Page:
You wouldn’t believe how little trouble customers are. Most of them are actually life enhancing in all sorts of ways.
But there’s the odd one where nothing is ever straightforward and you know that any contact means trouble. There’s a woman locally who organises occasional dining events and even more occasionally orders bread. When we bumped into her at the weekend she had such an event coming off and announced enthusiastically she would order bread for it – two baguettes (£1.80)! Groaning inwardly I asked her to place an order in the usual way.
Tuesday txted Last Orders to customers. Phone beeped – she placed an order for three baguettes (£2.70). I was trying not to get over-excited. After the 6.00 p.m. deadline I made up the order, had it checked, printed it out, printed out the customers’ bills, made up my worksheet, printed it out.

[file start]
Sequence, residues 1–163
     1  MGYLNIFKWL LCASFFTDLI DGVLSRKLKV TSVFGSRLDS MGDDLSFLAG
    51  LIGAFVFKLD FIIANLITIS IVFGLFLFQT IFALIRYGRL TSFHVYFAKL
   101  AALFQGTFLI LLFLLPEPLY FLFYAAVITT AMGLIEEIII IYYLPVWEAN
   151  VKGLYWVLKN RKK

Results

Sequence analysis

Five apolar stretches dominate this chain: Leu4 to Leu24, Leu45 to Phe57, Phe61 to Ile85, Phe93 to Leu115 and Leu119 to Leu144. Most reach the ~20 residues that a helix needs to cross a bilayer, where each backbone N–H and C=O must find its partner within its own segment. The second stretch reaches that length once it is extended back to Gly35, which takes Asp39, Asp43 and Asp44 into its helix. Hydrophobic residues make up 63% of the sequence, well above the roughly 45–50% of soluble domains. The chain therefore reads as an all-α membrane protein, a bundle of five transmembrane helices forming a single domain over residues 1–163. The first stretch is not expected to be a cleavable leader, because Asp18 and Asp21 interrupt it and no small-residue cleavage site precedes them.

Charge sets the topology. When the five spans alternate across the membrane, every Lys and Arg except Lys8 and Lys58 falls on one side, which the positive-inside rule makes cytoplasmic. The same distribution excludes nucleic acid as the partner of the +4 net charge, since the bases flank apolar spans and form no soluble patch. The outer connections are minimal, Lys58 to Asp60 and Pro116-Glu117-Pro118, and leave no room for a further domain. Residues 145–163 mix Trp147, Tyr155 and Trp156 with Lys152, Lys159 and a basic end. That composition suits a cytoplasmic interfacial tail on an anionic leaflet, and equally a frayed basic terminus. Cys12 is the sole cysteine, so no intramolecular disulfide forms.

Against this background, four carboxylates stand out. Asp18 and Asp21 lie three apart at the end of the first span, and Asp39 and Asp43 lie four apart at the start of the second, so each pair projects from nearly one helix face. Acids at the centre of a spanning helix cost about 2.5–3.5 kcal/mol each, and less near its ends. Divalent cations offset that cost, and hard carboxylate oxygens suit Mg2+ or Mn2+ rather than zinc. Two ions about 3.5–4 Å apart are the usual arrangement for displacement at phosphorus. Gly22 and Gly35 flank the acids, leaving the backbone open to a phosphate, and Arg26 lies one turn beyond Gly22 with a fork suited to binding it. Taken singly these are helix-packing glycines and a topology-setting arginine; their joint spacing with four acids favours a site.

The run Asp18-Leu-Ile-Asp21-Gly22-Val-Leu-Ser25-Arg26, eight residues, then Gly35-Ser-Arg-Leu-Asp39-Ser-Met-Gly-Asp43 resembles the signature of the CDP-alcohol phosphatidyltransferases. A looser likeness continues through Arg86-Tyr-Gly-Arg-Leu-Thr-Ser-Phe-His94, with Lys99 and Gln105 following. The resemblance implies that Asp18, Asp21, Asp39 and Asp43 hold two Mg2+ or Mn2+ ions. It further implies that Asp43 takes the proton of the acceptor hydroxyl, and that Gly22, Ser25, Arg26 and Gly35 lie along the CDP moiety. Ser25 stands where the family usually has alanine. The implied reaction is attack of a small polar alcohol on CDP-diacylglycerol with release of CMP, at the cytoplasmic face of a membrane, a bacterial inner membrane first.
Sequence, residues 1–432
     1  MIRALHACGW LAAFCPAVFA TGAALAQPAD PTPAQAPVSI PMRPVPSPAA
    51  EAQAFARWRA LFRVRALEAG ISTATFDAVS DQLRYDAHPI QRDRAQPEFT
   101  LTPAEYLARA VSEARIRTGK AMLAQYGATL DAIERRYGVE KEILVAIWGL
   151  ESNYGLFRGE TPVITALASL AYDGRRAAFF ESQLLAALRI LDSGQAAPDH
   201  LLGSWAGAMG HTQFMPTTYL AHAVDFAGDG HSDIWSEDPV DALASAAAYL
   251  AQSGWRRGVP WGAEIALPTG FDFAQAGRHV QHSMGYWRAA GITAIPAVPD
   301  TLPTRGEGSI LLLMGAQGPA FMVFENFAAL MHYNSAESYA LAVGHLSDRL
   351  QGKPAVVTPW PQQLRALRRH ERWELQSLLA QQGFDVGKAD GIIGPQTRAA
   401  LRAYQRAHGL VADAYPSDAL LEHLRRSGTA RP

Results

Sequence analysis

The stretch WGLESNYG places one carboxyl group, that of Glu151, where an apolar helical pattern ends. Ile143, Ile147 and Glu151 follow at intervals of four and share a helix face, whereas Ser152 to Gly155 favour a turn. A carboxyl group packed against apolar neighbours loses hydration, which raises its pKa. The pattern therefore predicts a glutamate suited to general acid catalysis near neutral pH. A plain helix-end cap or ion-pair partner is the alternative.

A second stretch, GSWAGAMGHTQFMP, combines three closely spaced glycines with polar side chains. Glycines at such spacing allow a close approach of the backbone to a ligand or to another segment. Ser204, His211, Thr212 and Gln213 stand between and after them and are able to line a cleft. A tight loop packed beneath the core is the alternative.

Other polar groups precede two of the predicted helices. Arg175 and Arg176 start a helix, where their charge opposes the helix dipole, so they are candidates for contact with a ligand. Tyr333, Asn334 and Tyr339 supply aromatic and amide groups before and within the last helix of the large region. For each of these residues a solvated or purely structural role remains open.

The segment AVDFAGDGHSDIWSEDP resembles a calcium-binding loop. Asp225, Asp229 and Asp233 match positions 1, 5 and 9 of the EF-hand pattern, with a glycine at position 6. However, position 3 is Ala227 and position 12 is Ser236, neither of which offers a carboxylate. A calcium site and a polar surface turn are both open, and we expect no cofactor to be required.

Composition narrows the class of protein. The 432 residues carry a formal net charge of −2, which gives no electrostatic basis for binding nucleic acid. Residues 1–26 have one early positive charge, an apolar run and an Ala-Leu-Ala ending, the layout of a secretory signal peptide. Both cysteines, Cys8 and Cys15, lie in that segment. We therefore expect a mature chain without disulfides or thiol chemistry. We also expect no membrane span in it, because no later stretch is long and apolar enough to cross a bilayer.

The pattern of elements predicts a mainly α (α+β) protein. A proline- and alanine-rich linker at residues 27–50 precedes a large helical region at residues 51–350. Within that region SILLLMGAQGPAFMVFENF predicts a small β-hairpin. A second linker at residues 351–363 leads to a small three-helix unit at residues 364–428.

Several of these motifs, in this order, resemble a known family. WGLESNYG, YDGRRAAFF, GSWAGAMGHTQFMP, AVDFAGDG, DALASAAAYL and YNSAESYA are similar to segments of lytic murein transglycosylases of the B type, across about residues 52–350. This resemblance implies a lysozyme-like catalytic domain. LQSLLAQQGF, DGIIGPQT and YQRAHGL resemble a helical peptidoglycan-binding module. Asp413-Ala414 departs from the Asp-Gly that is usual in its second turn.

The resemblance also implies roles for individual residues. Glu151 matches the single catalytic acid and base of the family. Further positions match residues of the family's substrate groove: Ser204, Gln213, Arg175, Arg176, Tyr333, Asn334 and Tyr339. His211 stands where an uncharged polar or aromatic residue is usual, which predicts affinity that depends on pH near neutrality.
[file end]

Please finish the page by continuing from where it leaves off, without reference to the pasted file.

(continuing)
Next morning refreshed my starters, made up my soakers, was in the middle of prepping when the phone beeped. Could she possible make it four baguettes (£3.60). So for an extra 90p I amend the order, the customer bills and my worksheet and print them all out again.
Thursday it’s a big bake and I have to start at 4.00 a.m. to get through it all. Finally manage to get in the bath about 7.00 p.m.
Herself arrives to collect the bread while I’m soaking (perhaps just as well). “Oooh!!”, she says to Sue, “I’ve come all unprepared!” meaning she hasn’t brought any money. She asks Sue if she will take a cheque (yes, it’s definitely as well I’m in the bath). Sue politely says that it’s not economical to take a cheque for £3.60. So herself says she put it through the door the following day.
Five days later I reflect that sometimes the absense of £3.60 can be preferable to having it delivered (which it hasn’t been).